Goddard contends that her trial counsel was ineffective in several instances. In order to constitute ineffective assistance, counsel's performance must, first, fall below an objective standard of reasonableness and, second, prejudice the outcome of the proceedings. Strickland v. Washington, 466 U.S. 668, 104 S. Ct. 2052, 80 L. Ed. 2d 674 (1984). To facilitate this analysis, an appellate court may skip to the second prong of the Strickland standard and determine that the ineffectiveness, if any, did not prejudice the trial's outcome. Id. at 697, 104 S.Ct. at 2069-70; State v. Hay, 859 P.2d 1, 5 (Utah 1993).

Goddard first asserts that her representation was deficient because her counsel failed to investigate and challenge the State's "blood spatter" evidence until after trial, *546 when she procured the affidavit of Dr. Bunker. The latter did not testify at trial. We find no merit in this assertion because, as we have pointed out above, the trial court concluded that the "new blood spatter" evidence presented through Dr. Bunker's affidavit and report was not "sufficiently inconsistent with the evidence as presented to the jury" to warrant a new trial. We agree with that conclusion. Therefore, Goddard was not prejudiced by reason of her counsel's failure to adduce Dr. Bunker's testimony at trial.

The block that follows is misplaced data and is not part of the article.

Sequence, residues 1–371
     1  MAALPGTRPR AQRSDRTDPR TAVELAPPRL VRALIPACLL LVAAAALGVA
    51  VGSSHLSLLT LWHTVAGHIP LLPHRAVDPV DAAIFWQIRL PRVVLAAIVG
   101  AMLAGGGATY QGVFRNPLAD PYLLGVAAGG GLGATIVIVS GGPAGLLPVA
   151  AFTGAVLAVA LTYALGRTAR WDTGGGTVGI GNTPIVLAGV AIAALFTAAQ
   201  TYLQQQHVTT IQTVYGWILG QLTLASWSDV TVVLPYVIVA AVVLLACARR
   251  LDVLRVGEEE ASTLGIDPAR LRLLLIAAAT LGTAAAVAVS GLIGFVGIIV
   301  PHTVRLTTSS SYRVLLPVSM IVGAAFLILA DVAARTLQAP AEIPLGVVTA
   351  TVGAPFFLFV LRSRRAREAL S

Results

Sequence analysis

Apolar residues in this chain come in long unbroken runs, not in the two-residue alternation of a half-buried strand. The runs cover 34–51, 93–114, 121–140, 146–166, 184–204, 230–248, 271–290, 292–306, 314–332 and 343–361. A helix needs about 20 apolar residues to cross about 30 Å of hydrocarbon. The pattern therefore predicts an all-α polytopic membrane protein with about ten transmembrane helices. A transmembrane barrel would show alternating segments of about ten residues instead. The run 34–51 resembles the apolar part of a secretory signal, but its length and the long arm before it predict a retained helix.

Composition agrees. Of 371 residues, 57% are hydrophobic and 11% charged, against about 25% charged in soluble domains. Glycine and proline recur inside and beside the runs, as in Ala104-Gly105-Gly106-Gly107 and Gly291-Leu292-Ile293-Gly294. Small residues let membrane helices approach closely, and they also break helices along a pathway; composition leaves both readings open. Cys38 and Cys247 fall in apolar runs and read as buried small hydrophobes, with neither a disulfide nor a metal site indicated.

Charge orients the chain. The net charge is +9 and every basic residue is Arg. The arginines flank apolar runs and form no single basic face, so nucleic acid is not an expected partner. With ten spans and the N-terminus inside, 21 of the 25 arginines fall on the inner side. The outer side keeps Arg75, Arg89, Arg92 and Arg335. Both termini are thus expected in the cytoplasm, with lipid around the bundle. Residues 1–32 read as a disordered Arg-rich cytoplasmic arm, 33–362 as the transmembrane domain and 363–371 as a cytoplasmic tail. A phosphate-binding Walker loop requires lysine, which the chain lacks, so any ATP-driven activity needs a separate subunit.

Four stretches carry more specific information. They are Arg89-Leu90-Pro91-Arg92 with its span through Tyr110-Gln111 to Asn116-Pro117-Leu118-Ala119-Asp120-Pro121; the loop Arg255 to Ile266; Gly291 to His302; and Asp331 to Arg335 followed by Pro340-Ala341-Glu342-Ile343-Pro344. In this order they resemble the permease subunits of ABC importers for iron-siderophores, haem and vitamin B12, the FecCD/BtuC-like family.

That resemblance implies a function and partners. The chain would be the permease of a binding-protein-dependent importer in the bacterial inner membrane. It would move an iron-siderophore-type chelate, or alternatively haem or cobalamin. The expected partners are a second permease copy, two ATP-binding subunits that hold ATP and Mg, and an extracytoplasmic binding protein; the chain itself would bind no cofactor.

Goddard next contends that her counsel was ineffective because she failed to challenge Dr. Schnittker's qualifications to testify concerning what Goddard asserts was blood spatter evidence. We are unable on the record before us to address this contention. While Goddard has cited State v. Rodgers, 119 Idaho 1047, 812 P.2d 1208 (1991), where it was recognized that blood spatter analysis is a "well recognized discipline," we have no record from which we can determine the parameters of that discipline. Id. at 1212. Dr. Schnittker was qualified as a forensic pathologist and held the office of associate state medical examiner. There is nothing before us to indicate that any of her testimony went beyond those qualifications and into a discipline where she was not qualified. While she did draw a conclusion from the absence of blood on the front of Goddard's shirt, we have no way of knowing whether this testimony took her into the realm of blood spatter evidence.

Goddard also contends that her counsel was ineffective because she failed to object when the prosecutor repeatedly asked Goddard why other witnesses would lie. Goddard denied yelling threats at Hall while he was in Gutierrez's truck. She denied placing Gutierrez's hands on her breasts at the party and denied having a loud argument just before Hall's death. She even denied, as Gutierrez testified, that she showed up at Gutierrez's house immediately after the stabbing asking him to call the police. After each denial, the prosecutor specifically asked if Goddard knew of any motivation for these prior witnesses to lie.